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Will I Need CDs When I Release My Album?

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Question: Will I Need CDs When I Release My Album?
Answer:

When you release an album, one of the first choices you'll make is how to make it available to fans. Of course, making available digitally is a must, but what about physical product? Is it worth it to press CDs?

There's not a one-size-fits-all solution to this question, but there are some pros and cons to consider. Now, some people are adamant that no one buys CDs anymore, that they're old fashioned and outdated, and blah blah blah. That is simply not true across the board. People DO still buy CDs - you think Wal-Mart would devote shelf space to something no one buys? People do still go to record stores as well, and these stores sell CDs. People may not buy them as much as they used to - but they do buy them. The question you really need to ask yourself off the bat is: do YOUR fans buy them? Some genres of music are more inclined to sell in CD format than others, because of the preferences (and often, age) of the fans. Knowing your audience and how they consume music will help you significantly as you make this decision.

Now, digital music has a lot of pros, but perhaps the most major one for people releasing their own albums is that the cost of distribution is so low. It removes a pretty large barrier - the price of manufacturing - from the process, allowing you to get your music out there faster without much of a cashflow issue. Digital distribution also democratizes the distribution process. If you press CDs, to make it worthwhile, you need someone to be able to sell that CD into stores. Along with they comes the costs of the promotion and marketing you'll need to convince stores to sell your stuff - and the costs add up quickly. Digital distribution removes that from the picture (though you will still need to promote your music to sell it. You can't just throw it up on iTunes and expect everyone to buy it.).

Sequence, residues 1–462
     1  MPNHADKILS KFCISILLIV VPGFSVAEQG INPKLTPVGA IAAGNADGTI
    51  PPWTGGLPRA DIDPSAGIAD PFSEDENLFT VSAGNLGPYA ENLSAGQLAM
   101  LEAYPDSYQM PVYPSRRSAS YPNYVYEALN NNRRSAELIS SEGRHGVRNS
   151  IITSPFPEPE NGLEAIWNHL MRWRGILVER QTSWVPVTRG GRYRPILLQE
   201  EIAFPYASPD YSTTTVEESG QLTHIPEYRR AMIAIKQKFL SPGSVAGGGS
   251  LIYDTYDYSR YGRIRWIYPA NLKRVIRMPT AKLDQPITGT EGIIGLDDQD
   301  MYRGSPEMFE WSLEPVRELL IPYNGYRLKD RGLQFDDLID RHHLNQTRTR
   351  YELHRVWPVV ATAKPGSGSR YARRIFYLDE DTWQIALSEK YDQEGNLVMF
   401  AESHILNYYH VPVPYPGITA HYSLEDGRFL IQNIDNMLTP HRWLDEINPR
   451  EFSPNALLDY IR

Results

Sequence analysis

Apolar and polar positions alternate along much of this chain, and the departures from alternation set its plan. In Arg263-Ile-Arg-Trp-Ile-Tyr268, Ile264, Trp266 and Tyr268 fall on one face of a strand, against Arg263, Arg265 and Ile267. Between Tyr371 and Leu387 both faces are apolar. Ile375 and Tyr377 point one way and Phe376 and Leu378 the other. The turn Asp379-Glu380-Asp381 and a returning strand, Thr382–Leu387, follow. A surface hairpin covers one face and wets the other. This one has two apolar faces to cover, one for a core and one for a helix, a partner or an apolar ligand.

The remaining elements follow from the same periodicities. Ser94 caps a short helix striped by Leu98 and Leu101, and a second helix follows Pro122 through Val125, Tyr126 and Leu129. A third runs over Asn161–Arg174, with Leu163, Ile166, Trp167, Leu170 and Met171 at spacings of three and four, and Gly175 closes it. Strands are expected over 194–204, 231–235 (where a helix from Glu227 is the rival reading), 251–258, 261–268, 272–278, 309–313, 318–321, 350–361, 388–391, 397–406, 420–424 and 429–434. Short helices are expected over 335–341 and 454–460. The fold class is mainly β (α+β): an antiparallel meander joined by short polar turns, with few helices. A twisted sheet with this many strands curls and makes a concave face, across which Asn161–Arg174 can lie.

If you can't really afford to manufacture CDs for retail sale, or if you can afford it but don't have the means to make it worthwhile (no distribution, no money for promotion), then you could consider a digital only release - or you could consider a middle ground option. The truth is that you're going to find yourself in some instances where physical product can help you. Some radio stations, promoters, print media, and so on are going to want a hard copy promo. It might be nice to have some of your albums available for sale at your shows. So, instead of pressing copies for a retail push, you could opt to do promo copies with very basic artwork, or none at all. You could also do a short run of CDs without any packaging or just in a jewel case, and do some handmade artwork that you can then sell at your shows. These options let you provide physical product when people want it, without investing hundreds or thousands into a run of CDs you might not really ever sell.

The bottom line? If your fans are the sort that are going to turn to the record stores and not the computer when they want your album, you have to make sure they can go and buy it in that format. However, even if you think your fans will mostly download the album, it still pays to have a short run of CDs available so you can promote your release and sell to people at shows. Keep the costs down by pressing low cost promos or making your own artwork. When money is an issue, that lets you have the best of both worlds while still having enough money to tour and promote your release.

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